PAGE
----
Event Title

Singing ‘Good’ Music: A Deconstruction of the Platonic View of Music and Morality and a Biblical Reconstruction for Spirituality Today

Location

Room S215

Start Date

7-2-2020 11:30 AM

End Date

7-2-2020 12:00 PM

Description

“We only sing good music at our church.” The phrase often rolls off the tongue of many Christian worshipers as they compare their style of worship music with that of others. What do we mean by “good” music? What is the meaning of “good”? Is this an aesthetic judgment? Or a moral judgment? Will listening to good music make a listener good, while listening to bad music will make the listener bad? This paper examines the presuppositions underlying the philosophy of good music. This paper first seeks to deconstruct the source of this philosophy, Platonism, giving particular attention to how the experience of music changed the character through the conveyance of virtue to the soul, impacting one’s spirituality and salvation. Second, this paper seeks to articulate a biblical view of the process of character transformation. A Platonic view of intrinsic morality in music reduces it as a mechanistic sacrament of salvation. Alternatively, a biblical, dynamic view of music and morality demands the Christian not merely turn to aesthetic musical experiences for the basis of their spirituality. Christians should utilize music as a tool to cooperate in a Spirit-enabled transformational relationship with God in His Word.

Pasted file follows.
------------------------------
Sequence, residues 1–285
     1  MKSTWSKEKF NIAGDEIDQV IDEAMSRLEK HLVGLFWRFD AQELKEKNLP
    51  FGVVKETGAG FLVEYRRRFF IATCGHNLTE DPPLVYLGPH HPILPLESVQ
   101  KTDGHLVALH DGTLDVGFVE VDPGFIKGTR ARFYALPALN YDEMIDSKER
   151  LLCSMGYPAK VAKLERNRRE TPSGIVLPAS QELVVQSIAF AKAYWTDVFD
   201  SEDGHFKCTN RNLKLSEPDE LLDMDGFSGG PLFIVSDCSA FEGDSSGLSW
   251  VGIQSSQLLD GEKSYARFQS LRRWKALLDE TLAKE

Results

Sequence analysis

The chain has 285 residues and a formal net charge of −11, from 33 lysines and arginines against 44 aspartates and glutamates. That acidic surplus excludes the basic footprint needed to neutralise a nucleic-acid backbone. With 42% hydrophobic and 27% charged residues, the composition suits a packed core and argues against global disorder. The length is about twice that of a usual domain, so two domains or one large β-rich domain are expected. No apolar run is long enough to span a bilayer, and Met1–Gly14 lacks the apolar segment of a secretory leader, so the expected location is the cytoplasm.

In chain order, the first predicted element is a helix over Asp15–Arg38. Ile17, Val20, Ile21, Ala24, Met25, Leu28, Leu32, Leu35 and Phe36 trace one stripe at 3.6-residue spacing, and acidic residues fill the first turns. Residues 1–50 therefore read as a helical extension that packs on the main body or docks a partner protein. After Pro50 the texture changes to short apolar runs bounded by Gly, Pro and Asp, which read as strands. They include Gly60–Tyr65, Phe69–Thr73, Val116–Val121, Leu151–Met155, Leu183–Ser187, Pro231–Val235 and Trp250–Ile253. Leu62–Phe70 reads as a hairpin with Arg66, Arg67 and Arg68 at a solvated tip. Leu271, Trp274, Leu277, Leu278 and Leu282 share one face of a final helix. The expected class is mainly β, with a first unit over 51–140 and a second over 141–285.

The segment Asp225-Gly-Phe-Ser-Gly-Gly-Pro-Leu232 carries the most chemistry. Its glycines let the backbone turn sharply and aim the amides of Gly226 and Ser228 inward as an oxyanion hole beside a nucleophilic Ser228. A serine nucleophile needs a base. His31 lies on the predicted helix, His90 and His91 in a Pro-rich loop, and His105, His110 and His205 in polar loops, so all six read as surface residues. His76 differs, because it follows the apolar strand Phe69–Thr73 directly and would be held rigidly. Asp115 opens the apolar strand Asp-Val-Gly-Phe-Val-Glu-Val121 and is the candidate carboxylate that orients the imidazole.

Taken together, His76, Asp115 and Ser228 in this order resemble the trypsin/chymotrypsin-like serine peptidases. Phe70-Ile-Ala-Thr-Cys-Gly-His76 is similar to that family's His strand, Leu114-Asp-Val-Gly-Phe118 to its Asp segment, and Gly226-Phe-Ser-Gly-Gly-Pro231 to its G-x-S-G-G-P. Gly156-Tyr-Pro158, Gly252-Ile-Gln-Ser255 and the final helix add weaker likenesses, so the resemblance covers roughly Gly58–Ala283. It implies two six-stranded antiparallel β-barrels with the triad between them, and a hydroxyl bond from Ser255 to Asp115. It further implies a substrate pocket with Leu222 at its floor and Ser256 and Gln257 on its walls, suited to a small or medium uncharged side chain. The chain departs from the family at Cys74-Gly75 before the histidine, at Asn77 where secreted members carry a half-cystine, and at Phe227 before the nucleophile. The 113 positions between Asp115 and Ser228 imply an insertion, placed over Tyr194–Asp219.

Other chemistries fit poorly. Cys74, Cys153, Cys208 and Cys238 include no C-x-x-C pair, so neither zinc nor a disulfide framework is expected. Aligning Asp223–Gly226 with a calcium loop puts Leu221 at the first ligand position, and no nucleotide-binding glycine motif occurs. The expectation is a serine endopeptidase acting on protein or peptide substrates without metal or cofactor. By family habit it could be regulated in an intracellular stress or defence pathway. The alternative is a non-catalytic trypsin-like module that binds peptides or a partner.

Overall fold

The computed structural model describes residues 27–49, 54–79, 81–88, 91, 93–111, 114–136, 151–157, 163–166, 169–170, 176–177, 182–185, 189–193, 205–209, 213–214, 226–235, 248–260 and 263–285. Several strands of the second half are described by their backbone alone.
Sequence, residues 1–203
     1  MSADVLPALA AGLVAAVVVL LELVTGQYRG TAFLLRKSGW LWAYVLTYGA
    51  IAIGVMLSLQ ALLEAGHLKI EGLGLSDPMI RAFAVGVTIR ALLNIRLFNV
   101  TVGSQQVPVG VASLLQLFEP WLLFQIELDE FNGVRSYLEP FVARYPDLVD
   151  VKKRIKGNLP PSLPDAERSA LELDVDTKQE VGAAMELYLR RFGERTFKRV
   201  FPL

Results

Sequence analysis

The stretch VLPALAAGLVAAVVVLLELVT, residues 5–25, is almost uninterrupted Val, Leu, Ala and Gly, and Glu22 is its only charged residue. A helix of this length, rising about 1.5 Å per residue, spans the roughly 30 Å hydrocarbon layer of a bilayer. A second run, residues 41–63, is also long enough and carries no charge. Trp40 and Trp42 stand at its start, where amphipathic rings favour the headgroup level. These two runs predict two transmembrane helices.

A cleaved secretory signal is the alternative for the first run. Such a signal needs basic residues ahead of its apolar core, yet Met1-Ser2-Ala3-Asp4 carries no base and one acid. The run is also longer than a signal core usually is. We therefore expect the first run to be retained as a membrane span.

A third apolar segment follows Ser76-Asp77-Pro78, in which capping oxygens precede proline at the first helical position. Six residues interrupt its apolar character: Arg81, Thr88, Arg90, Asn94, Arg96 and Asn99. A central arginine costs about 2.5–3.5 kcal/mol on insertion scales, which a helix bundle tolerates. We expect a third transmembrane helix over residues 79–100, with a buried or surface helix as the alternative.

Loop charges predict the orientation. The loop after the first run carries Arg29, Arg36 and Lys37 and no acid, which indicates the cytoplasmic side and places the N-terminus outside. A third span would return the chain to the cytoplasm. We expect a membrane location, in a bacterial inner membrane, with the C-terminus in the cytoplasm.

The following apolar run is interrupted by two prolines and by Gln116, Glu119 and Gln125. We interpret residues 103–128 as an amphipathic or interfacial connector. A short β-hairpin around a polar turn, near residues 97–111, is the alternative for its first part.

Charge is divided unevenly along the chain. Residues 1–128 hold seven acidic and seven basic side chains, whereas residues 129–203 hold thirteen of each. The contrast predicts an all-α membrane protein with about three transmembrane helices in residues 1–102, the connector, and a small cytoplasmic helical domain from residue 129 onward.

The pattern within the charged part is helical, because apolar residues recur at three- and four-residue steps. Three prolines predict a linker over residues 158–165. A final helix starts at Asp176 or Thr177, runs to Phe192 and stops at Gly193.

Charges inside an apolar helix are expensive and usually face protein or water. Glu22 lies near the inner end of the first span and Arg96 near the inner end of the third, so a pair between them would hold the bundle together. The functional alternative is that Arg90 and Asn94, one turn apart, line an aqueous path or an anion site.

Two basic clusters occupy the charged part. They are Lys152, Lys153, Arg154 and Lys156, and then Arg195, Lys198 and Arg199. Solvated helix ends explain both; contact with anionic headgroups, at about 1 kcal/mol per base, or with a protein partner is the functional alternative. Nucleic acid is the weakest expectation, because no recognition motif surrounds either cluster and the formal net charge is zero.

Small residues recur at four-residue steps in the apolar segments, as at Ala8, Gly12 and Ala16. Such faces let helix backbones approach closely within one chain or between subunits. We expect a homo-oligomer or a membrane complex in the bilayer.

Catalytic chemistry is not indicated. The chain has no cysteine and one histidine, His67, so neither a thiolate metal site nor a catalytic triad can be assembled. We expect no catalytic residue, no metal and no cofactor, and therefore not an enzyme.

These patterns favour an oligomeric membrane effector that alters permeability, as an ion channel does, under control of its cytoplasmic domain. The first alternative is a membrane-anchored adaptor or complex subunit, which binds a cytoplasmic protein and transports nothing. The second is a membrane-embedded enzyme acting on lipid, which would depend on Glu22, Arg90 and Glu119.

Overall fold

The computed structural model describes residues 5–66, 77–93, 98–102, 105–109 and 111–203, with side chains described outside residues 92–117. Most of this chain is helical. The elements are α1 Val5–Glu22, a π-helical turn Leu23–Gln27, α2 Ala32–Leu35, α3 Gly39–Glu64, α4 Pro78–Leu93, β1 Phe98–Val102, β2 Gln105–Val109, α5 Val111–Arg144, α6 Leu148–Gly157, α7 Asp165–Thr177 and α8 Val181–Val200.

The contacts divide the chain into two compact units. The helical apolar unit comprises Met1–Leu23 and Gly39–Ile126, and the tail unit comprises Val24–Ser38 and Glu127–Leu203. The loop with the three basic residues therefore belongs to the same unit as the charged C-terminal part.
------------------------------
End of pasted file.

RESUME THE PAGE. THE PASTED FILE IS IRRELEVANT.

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Feb 7th, 11:30 AM Feb 7th, 12:00 PM

Singing ‘Good’ Music: A Deconstruction of the Platonic View of Music and Morality and a Biblical Reconstruction for Spirituality Today

Room S215

“We only sing good music at our church.” The phrase often rolls off the tongue of many Christian worshipers as they compare their style of worship music with that of others. What do we mean by “good” music? What is the meaning of “good”? Is this an aesthetic judgment? Or a moral judgment? Will listening to good music make a listener good, while listening to bad music will make the listener bad? This paper examines the presuppositions underlying the philosophy of good music. This paper first seeks to deconstruct the source of this philosophy, Platonism, giving particular attention to how the experience of music changed the character through the conveyance of virtue to the soul, impacting one’s spirituality and salvation. Second, this paper seeks to articulate a biblical view of the process of character transformation. A Platonic view of intrinsic morality in music reduces it as a mechanistic sacrament of salvation. Alternatively, a biblical, dynamic view of music and morality demands the Christian not merely turn to aesthetic musical experiences for the basis of their spirituality. Christians should utilize music as a tool to cooperate in a Spirit-enabled transformational relationship with God in His Word.